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Did Pa.’s exposure notification apps help prevent the spread of COVID-19?

  • Alan Yu/WHYY
Pennsylvania's COVID-19 Alert app

 Jeremy Long / WITF

Pennsylvania's COVID-19 Alert app

In 2020, people wanted a way to tell if they might have been exposed to COVID-19.

More than 20 states in the U.S., including Pennsylvania and Delaware, used a smartphone app that applied existing bluetooth technology to keep track of how far away someone was from another person who had the app. It also sent out alerts if those people later reported themselves as having COVID-19. Each state had their own version of the app.

In the U.S. people were not required to use these apps, and few did, making them less effective than in other countries. But experts say public health authorities in the U.S. can still learn from the experience and be more prepared the next time a pandemic happens.

The Association of Public Health Laboratories managed the exposure notification program for states in the U.S. that used an app to warn people about exposure to COVID-19. Senior consultant Emma Sudduth said they were excited about this in the beginning.

“Every time a friend or family in another state received an exposure notification, I was always told, and I was always very proud to hear that they had gotten a notification that they were delaying their trip to visit their grandma, that they were going to start testing, that they were monitoring.”

She said the association estimates that around 10% of the entire U.S. population, millions of people, downloaded an exposure notification app. But this was not enough for these apps to be broadly effective.

“We were building the plane while we were flying it, so to speak,” Sudduth said.

Earlier this year, researchers at the Centers for Disease Control and Prevention worked with Pennsylvania health officials to study how much of a difference the app made in Pennsylvania. They found that from the end of 2020 to the start of 2021, around 5% of the people they surveyed had downloaded the app. Of the people who tested positive for COVID-19 in their survey, only 0.2% of people had installed the app.The researchers concluded this limited how effective the app could have been.

Joanna Masel, an evolutionary biologist at the University of Arizona, helped develop an app for her university, and the state of Arizona. She said it helped reduce transmission on campus by making a “real but modest impact.”

She added that exposure notification apps will probably be effective in the U.S. in places like that — smaller, tightly connected communities like workplaces, colleges, and schools, where people can also be more consistently and quickly tested.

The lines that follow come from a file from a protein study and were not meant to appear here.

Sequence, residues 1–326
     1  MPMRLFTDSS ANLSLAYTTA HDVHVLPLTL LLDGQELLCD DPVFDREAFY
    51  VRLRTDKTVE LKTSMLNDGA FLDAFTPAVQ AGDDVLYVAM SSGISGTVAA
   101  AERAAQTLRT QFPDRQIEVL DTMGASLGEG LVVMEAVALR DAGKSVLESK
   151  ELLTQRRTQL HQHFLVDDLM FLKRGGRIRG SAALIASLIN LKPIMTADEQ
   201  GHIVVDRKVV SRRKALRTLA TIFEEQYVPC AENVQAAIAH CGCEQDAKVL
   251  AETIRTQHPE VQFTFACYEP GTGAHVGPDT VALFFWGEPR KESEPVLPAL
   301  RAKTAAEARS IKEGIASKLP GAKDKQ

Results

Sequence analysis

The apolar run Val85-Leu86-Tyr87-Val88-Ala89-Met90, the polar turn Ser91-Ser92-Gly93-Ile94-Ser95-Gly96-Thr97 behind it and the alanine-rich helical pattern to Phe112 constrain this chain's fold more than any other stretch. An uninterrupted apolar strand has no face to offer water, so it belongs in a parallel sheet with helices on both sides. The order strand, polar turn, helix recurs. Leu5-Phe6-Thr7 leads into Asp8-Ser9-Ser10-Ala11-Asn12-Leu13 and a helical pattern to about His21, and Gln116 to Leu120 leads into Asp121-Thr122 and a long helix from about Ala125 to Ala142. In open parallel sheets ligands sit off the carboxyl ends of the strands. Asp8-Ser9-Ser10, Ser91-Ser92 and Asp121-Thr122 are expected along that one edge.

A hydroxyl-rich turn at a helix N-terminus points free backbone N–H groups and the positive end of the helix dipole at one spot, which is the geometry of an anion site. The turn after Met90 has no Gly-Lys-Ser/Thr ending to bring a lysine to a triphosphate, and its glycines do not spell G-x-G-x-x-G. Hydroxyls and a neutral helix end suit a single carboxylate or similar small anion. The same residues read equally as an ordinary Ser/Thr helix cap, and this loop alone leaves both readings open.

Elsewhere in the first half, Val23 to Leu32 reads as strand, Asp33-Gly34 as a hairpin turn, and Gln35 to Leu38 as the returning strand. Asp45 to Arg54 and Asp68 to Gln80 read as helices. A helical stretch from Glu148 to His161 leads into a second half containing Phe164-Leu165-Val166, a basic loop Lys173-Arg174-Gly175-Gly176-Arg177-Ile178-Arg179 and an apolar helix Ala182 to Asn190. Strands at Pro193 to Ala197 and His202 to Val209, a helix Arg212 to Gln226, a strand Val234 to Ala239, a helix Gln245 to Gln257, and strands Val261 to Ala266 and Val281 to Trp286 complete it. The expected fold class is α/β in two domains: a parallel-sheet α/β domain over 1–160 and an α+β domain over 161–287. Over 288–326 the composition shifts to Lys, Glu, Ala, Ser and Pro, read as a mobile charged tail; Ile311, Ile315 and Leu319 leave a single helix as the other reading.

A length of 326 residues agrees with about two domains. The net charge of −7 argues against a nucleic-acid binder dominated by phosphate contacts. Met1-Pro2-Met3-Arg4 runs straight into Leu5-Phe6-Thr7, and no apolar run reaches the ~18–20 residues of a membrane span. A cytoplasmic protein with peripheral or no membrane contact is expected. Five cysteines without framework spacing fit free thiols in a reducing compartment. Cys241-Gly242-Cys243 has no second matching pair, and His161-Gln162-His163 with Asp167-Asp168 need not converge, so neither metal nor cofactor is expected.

She pointed out that the research on Pennsylvania’s experience with its exposure notification app concluded that it sometimes took days between someone testing positive for COVID-19, and the case investigation interview to mark themselves as testing positive in the app.

“That really defeats the purpose because it’s so slow.”

She explained that the U.S. is a difficult place to implement such a system, because there is no central health care system, and there is a mix of public and private health coverage, making it “uniquely dysfunctional.”

However, she pointed to Germany as a country with a comparable situation that managed to make their app work by having thousands of COVID-19 test providers integrate their data with the app, which “was a fantastic piece of work and permanently improved the public health information infrastructure.”

“They didn’t let a crisis go to waste,” she said.

She said the U.S. should invest in better testing and infrastructure for future pandemics.

Most of the U.S. states that had an app shut them down last year.

But in Delaware, it led health officials to something better.

During their first big surge in January 2022, public health officials had a hard time calling all the contacts of people who tested positive. They realized that people liked using their phones, and probably would like getting text messages more than using an app. So they did contact tracing by texting people links to an online platform.

Public Health Resource Officer Tracey Johnson says “that text messaging piece was a lifesaver.”

She says hopefully there will not be another pandemic soon, but if there is, they’re going to go with text messages.

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